While most marketers are aware of the important role data plays in their strategies, the real challenge in today’s omni-channel consumer environment is making sense of all the disparate data points from both online and in-store interactions.
IDC estimates that in 2025, the world will create and replicate 163 trillion gigabytes of data. This is a tenfold increase from the amount of data created in 2016.
As a result, demand is increasing for ways to maximize insights. Marketers have already shown interest in data management tools; according to AdExchanger, 80% currently use or plan to implement data management tools by 2018. This has led to the rise of data platforms such as Data Warehouses, data management platforms (DMPs) and most recently, Data Lakes.
Many people think Data Lakes are a resurgence of Data Warehouses, or for advertisers, a DMP, but the only trait Data Lakes share with DMPs and Data Warehouses is that they store and organize data. Data Lakes do much more than that, and thus are emerging as a powerful solution for brands.
A Data Lake is a centralized platform that can store and process massive amounts of structured and unstructured data through a flexible, cloud-based platform. By storing data this way, companies have greater flexibility as they can run queries only when the data is needed for analysis. Additionally, it allows brands to more seamlessly link together raw and structured data from multiple sources and channels for more comprehensive reporting.
The challenge for most marketers in approaching a Data Lake as a potential solution is not just understanding what it is, but knowing if it’s right for your company. You should consider what your goals are, the capabilities that are important to you, and what resources you have to exploit the power of the platform.
Before you dive in, take a look at a few key questions you should ask yourself when considering a Data Lake platform:
1. What Resources Are Available to You?
The central resource you will need is people, specifically data scientists. A Data Lake typically requires that your organization has data scientists to query and pull data from the platform in order to provide actionable insights. If your organization doesn’t have the people resources necessary to support a Data Lake, it doesn’t mean implementing a Data Lake platform is out of reach.
Though not as common, some Data Lake platforms allow users to create workflow templates. Similar to Data Warehouses, users can create workflow templates that enable other functions of your organization to take advantage of your data just by changing a simple command within the query. This will either free up data scientist resources or require less maintenance resources.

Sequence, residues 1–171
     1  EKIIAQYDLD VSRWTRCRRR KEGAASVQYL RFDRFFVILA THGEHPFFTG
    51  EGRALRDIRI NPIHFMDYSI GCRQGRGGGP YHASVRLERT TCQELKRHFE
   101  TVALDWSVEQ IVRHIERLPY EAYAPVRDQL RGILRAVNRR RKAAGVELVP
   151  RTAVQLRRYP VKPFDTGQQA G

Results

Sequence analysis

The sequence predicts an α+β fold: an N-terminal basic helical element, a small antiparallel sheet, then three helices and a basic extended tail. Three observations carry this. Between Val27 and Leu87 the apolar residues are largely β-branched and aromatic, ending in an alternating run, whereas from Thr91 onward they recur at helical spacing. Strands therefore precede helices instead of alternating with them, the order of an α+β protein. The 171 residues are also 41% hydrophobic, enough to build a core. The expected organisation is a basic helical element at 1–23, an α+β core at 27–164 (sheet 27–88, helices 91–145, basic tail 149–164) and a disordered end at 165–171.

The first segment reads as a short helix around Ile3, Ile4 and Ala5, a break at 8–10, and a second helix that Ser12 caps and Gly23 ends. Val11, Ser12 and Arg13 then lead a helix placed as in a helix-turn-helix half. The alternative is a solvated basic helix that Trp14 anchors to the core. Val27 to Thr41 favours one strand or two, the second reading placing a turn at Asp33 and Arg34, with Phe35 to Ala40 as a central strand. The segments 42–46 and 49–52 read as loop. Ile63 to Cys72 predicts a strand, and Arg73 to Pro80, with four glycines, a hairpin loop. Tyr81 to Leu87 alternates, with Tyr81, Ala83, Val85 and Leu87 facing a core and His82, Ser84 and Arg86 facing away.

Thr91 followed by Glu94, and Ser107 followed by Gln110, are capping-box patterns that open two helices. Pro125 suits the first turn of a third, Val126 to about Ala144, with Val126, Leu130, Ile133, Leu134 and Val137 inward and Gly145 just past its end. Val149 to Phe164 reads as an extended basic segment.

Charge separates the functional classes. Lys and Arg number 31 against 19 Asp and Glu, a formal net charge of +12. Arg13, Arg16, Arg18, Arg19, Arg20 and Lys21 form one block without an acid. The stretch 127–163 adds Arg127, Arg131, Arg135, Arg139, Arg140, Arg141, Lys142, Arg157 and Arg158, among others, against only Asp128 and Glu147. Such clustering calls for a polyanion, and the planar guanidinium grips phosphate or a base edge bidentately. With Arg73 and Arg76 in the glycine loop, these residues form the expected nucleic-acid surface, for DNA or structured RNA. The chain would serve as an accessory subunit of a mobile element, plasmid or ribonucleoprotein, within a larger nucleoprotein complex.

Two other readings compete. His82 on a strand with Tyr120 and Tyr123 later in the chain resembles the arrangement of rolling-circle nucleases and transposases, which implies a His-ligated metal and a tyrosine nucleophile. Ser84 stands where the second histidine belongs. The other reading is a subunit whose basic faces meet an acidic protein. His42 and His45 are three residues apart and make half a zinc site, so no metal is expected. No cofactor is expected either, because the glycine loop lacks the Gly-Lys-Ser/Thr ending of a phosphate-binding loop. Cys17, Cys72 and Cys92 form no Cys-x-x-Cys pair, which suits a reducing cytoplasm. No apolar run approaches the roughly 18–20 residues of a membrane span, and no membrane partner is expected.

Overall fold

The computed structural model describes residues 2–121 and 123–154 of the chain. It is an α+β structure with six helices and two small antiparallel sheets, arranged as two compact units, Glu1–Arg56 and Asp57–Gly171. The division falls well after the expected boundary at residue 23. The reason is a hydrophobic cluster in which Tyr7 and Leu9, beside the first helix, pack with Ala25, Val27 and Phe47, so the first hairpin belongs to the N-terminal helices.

2. What Kind of Access Do You Have to Customer Data?
Your customer database (CRM) is an important piece of the puzzle. This information acts as the anchor allowing other data points like email, IP address, device ID and purchase behaviors to be deterministically tied to real people. In a Data Lake, this is the crucial link that enables marketers to tie disparate data sources together without the need for probabilistic algorithms.
One of the most important customer data points is email, which enables brands to bridge the offline world with digital. If you do not have access to emails or other registration data such as mailing addresses, it is an important consideration when selecting your Data Lake platform, as these links unlock insights into how campaigns drove sales (both online and offline). We’ll explain more on this in the next question.
3. Does the Platform Have Data and Device Graphs Available for Purchase?
Many Data Lakes do not have integrated device graphs with first party data on actual consumers. If you are a brand that does not collect data like email addresses from your customers, it is imperative that the platform you select has an integrated device graph, first party data, and third party data that you can tap into. With these added layers, you can deterministically sync data between offline and online channels. Even for brands that collect email, platforms with first and third party data sets can expand the amount of connections you make, enabling you to unlock the full potential of your data.
A Data Lake platform with first-party data and data partnerships can provide you with people-based insights into a consumer’s retail purchasing habits, media consumption, social actitiviites, and more. For example, an automaker could identify in-market shoppers and measure the impact TV or digital ads had on dealership foot traffic and daily sales.
Being able to use both online and offline data for targeting, as well as accurately measuring the complete customer journey from the first touchpoint to conversion (either online or in-store), is necessary in today’s omni-channel world. To accomplish this requires immense computing power and inexpensive storage for the massive amount of data that is being collected.
This is where a Data Lake really shines. It helps marketers take data from multiple first, second, and third party sources, and house it in one centralized cloud-based platform for immediate analysis and activation.
For more information on Data Lakes, read Viant’s explainer guide, Demystifying Data Lakes.